Justice Secretary Teresa Cheng Yeuk-wah again defended her department’s move to decide on its own, without seeking outside legal advice, to drop a corruption case against Hong Kong’s former leader Leung Chun-ying.
Appearing before the Legislative Council on Wednesday, Cheng said her department officials take prosecution decisions independently and that outside legal counsel is sought only in rare cases.
It is not the usual practice to seek out external legal advice, she said, adding that the Leung case did not merit a break from the tradition.
Grilled by lawmakers over the controversial decision of the Department of Justice (DoJ) to not press charges against Leung over his financial dealings with an Australian firm, Cheng insisted that the department was fully justified in deciding on its own that there was no need for legal action.
There was not enough evidence in the case to warrant legal proceedings against the former leader, or even to seek the counsel of outside lawyers, the justice chief said.
Leung, who held Hong Kong’s top political post for five years until end-June 2017, had been accused of failing to make proper disclosures in relation to HK$50 million payments he received from Australian engineering firm UGL many years ago.
In response to a question raised by pro-democracy lawmaker Eddie Chu hoi-dick in the Wednesday meeting, Cheng pointed out that Article 63 of the Basic Law provides that the DoJ “shall control criminal prosecutions, free from any interference”.
The Prosecution Code, she added, stipulates that “a prosecutor must not be influenced by “any investigatory, political, media, community or individual interest or representation”, “the possible political effect on the government, any political party, any group or individual”, as well as “possible media or public reaction to the decision”.
As there was no issue of bias or conflict of interest, the DoJ saw no need to seek the advice of outside counsel in relation to the Leung case, she said.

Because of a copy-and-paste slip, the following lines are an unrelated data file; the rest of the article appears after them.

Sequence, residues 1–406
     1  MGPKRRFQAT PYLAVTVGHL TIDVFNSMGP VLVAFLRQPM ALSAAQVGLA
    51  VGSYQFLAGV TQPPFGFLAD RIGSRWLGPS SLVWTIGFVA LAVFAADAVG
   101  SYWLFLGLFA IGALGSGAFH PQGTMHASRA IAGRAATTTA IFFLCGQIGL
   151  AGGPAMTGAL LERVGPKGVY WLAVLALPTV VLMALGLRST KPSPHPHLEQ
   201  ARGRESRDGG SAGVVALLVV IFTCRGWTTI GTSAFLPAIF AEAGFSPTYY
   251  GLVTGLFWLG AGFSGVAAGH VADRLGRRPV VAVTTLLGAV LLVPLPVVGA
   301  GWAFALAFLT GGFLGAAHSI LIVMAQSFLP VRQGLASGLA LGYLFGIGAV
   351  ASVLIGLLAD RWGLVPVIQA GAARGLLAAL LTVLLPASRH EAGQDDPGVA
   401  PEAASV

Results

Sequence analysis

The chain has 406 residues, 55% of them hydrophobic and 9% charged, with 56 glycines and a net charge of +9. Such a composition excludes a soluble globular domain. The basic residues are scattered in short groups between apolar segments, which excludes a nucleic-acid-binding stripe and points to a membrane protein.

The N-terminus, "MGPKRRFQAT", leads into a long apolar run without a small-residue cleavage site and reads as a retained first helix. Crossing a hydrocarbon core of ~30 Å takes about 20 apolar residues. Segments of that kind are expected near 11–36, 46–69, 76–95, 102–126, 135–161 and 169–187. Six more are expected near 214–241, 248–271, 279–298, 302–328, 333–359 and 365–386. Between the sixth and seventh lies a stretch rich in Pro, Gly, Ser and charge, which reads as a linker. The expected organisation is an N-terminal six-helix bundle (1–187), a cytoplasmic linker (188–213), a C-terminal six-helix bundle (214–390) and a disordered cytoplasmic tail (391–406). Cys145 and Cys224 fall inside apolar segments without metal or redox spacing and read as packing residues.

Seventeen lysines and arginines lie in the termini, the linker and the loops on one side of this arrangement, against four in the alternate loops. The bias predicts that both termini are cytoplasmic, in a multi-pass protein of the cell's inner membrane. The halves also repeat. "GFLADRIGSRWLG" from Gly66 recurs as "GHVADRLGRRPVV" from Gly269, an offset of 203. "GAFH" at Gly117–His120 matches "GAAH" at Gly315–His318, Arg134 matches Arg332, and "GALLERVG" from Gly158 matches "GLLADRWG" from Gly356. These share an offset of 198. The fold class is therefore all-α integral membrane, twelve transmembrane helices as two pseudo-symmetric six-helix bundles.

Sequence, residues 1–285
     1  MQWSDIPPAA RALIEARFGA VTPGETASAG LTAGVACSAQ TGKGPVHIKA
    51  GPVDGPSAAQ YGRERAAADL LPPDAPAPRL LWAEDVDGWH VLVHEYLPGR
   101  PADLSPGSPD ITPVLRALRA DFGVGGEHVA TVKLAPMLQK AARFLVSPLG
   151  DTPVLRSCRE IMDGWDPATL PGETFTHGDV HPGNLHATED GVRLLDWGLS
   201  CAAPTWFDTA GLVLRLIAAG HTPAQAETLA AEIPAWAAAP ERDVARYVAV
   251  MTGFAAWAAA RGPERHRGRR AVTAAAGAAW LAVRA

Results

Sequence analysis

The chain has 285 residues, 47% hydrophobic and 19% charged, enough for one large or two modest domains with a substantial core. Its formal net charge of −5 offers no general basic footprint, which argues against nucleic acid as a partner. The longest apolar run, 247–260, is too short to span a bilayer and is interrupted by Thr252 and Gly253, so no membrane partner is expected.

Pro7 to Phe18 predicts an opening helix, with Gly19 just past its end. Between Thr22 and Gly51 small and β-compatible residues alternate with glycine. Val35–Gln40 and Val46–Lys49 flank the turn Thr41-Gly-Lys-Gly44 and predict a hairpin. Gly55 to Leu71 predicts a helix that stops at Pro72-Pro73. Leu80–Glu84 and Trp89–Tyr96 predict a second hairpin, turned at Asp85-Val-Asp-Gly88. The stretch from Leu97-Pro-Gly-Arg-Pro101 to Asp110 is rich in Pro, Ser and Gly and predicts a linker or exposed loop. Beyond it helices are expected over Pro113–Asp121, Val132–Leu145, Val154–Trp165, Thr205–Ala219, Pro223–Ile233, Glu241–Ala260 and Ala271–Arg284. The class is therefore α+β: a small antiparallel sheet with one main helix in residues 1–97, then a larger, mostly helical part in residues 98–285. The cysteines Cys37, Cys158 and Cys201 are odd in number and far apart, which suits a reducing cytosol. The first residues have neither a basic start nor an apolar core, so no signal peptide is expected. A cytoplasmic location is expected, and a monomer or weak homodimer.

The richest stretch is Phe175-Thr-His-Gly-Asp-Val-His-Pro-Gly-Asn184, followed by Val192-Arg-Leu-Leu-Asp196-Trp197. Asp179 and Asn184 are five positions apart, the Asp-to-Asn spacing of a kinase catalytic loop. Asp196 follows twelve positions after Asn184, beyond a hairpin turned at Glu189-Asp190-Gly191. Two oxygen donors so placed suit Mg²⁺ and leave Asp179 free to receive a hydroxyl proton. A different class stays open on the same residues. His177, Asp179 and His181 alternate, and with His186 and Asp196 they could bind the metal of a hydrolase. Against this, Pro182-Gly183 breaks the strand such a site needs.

It is appropriate for the DoJ to seek outside counsel’s advice only when a case involves the department staff, Cheng said, according to the Hong Kong Economic Journal.
On Dec. 12, the DoJ announced that it will not initiate prosecution against Leung, who is currently a vice chairman of the National Committee of the Chinese People’s Political Consultative Conference, China’s top political advisory body, over his undeclared acceptance of HK$50 million from UGL, saying there was insufficient evidence.
One of the contentious points in the decision was that DoJ did not seek independent legal advice in the UGL case.
Cheng said the prosecutions division of the DoJ had provided 13,000 items of legal advice each year over the past three years, and only once, in 2017, was outside advice obtained.
Pointing out that the Prosecution Code provides only six situations, including the one that “it is deemed appropriate to obtain independent outside counsel’s advice or services so as to address possible perception of bias or issues of conflict of interests”, in which the DoJ may resort to independent outside advice, the justice chief stressed none of them applies to the UGL case.
Civic Party lawmaker Tanya Chan Suk-chong said she doubted the DoJ could make an impartial decision on the UGL case without fear or bias.
She pointed out that Cheng had chaired the Transport Advisory Committee from 2004 to 2010 and would have periodically reported to the Executive Council, a body where Leung had been the convenor.
In her reply to Chan, the justice secretary said she couldn’t recall the exact years of her stewardship of the Transport Advisory Committee, and that any question of bias must be seen from the legal point of view.
Not satisfied with Cheng’s defense, the democrats raised a placard with a message in Chinese that read “Natural enemy of rule of law”. The opposition groups also chanted protest slogans when the justice chief left the chamber.
After the Legco meeting, Cheng was asked by media as to why Leung had been spared prosecution but not his predecessor Donald Tsang Yam-kuen, who was convicted in 2017 for misconduct in public office.
Saying that she won’t comment on individual cases, Cheng reiterated, citing the Prosecution Code, that an individual’s privacy should be respected. If any form of “public trial” happens to citizens, it won’t be good for the cause of justice, she added.
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